Unit plan for ages 12-14 in Language & Literature

Teaching Tools, 19 February 2007

© Courtesy of National Geographic Society Image Collection
Siberia. A Khakass farmer drives his sheep home across the endless steppe.

The Endless Steppe by Esther Hautzig

Knowledge

To know how East European refugees and deportees lived in Russia during World War II

Values

To foster in the students empathy for children and their families who suffer persecution because of their membership of a minority group, and because of the politics of their government To demonstrate the resilience of the human mind and people's capacity to create hope for the future To appreciate the contribution that refugees can make to their host communities

Skills

LESSONS 1 and 2

CONTENT TEACHING METHODS/LEARNING STRATEGIES
  • Esther's happy early childhood in Vilna, living in the large family mansion which was composed of several apartments, all occupied by her aunts, uncles and cousins, and her own immediate family
  • The drafting of Esther's father into the Polish army to fight the German invaders, and his subsequent safe return
  • The removal of Esther's entire extended family from the mansion by unfriendly Russian soldiers, and the splitting up of the family.

Introduction:

Teacher reads aloud from the beginning until half way down to page 4, stopping just after the sentence "But in 1939 Hitler's army marched on Poland."

Students continue to read to the end of the chapter silently by themselves.

Development:

Class discussion dealing with the characteristics of the happy environment in which Esther spent her early childhood; the war events of 1939-40 and their actual impact upon Esther's life; the short time the family were allowed to pack for their exile; the fast destruction of the world of Esther's childhood to be separated from family, home and country.

Homework:

Students read chapter 2.

RESOURCES
Esther Hautzig, The Endless Steppe (New York, Harper Collins, 1968), chapter 1

LESSONS 3 and 4

CONTENT TEACHING METHODS/LEARNING STRATEGIES
Deprivations while en route to exile
How might a person react when faced with injustice?

Class Discussion

Students are asked to give their reactions about their homework reading. Refer to the lesson plan for possible questions.

Students are given class time to read chapter 3 and are required to write a short account of how they would react if they were in a similar situation as the Rudomin family, confronted by a mean and hostile soldier like Popravka.

Homework

Students read chapters 4 and 5.

RESOURCES

Hautzig, The Endless Steppe, chapters 2 and 3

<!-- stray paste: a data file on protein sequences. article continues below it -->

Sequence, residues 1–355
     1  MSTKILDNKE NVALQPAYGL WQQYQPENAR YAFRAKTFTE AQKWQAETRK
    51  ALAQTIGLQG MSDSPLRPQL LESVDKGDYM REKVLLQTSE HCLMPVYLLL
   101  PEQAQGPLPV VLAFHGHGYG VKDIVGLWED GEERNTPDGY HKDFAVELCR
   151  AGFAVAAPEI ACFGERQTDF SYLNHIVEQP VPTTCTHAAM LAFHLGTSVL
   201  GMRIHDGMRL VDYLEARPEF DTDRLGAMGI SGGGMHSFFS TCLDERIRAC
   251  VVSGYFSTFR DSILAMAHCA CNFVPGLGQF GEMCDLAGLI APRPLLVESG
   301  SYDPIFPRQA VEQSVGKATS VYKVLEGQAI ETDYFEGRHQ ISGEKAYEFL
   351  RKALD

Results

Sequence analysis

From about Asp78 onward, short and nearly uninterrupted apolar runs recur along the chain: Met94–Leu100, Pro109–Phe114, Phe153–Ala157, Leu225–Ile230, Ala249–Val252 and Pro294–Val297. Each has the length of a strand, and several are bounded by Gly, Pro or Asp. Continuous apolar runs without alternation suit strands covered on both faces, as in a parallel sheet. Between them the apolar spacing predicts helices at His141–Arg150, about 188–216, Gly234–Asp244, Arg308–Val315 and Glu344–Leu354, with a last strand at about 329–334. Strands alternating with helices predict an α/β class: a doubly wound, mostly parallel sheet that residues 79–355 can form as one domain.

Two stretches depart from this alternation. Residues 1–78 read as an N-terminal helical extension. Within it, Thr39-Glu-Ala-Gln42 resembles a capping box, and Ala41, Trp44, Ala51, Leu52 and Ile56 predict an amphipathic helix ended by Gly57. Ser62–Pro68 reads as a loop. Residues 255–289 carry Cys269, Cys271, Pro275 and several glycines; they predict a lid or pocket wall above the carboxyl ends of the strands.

LESSON 5

CONTENT TEACHING METHODS/LEARNING STRATEGIES
The hardships suffered during the early period of exile learning to adapt, changing one's expectations of daily life

Homework review

A few minutes are spent asking questions to check comprehension, with emphasis on the portion of the reading dealing with the village market, the baracholka.

Preparation for role play

Students are divided into 'families' and discuss among themselves what each family member would pack for their 'exile'.

Homework

For the next lesson, the students bring real examples of the items which they have decided upon; these items can then be sold at the class baracholka.

RESOURCES

Hautzig, The Endless Steppe, chapters 4 and 5

LESSONS 6 and 7

CONTENT TEACHING METHODS/LEARNING STRATEGIES

The class baracholka.

Setting the scene

Students are asked to think about the characteristics of the local inhabitants of Rubtsovsk.

Role play

Three 'families' are selected first to present their goods for sale. Later, other families can have their turn. The currency used at the baracholka is hard-boiled eggs. The refugee 'traders' have to persuade the 'locals' to part with their eggs.

Debriefing discussion

Teacher and students compare their class baracholka with what they consider would be the situation at the real baracholka.

Homework

Students read chapters 6-10.

LESSON 8

CONTENT TEACHING METHODS/LEARNING STRATEGIES
Esther Hautzig's literary techniques used to convey the vibrant and optimistic character of the character, Esther

Exercise

Students sift through their five chapters of homework reading to locate and to write out the various descriptions, sometimes exaggeration, that the author used to convey her picture of the child, Esther.

Homework

Students read chapters 11 to 14.

RESOURCES

Hautzig, The Endless Steppe, chapters 6-10

LESSON 9

CONTENT TEACHING METHODS/LEARNING STRATEGIES

Extreme poverty in Siberia making each facet of daily life a problem to be surmounted

Students are asked to consider aspects of their own daily lives which became trials of hardship for the Rudomins. How did the Rudomins cope?

Homework

Students read to the end of the novel.

RESOURCES

Hautzig, The Endless Steppe, chapters 11-14

LESSON 10

CONTENT TEACHING METHODS/LEARNING STRATEGIES

Displaced children's capacity to adapt, to fit in with their new environment; their determination to get on with life, whatever the circumstances

Discussion

...dealing with Esther's adaptation first to life in Russia and then her adjustment to the prospect of return to Poland, her former homeland.

RESOURCES

Hautzig, The Endless Steppe, chapters 15-22